Did you know that more than 2 million female veterans are in the United States? That’s right – and out of those 2 million, only about 8 percent have sought help from the Department of Veterans Affairs. This is a huge problem, because female veterans often suffer from unique health issues that the VA does not always address.
One of female veterans’ most common health concerns is military sexual trauma (MST). MST is defined as psychological trauma that results from experiencing or witnessing a physical assault of a sexual nature, threats of sexual violence, or repeated unwelcome advances. Unfortunately, because this form of trauma can be difficult to talk about, many female veterans are reluctant to seek help from the VA. It is estimated that up to one in five female veterans have experienced MST while serving in the military. These women often struggle with post-traumatic stress disorder, depression, anxiety, substance use disorders, and chronic pain.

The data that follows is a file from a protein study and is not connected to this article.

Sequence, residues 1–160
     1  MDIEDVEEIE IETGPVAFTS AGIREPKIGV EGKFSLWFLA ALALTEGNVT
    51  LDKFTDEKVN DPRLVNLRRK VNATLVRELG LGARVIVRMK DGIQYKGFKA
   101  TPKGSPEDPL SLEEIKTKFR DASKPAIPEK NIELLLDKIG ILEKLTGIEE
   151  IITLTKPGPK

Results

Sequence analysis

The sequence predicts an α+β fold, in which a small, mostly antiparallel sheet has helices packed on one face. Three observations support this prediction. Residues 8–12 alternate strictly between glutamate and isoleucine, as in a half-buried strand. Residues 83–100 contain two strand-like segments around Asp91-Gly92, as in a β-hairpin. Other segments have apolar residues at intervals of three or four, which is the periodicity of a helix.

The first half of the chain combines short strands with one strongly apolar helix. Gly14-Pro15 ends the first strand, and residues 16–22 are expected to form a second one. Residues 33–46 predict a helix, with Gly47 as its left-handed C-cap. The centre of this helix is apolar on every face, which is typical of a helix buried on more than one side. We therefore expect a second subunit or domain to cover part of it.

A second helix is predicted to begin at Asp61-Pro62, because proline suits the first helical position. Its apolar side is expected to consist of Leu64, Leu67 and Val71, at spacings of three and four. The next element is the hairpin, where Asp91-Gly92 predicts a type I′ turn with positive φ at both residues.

Female veterans also face unique health issues related to pregnancy and motherhood. The VA offers reproductive care services for female veterans, including routine gynecological exams, prenatal and post-natal care, and family planning. However, many female veterans may not be aware of the coverage available to them or the resources available to help them access these services.
In conclusion, female veterans face unique challenges when it comes to accessing quality healthcare services. The VA has taken steps to meet their needs, but there are still gaps in care that need to be addressed.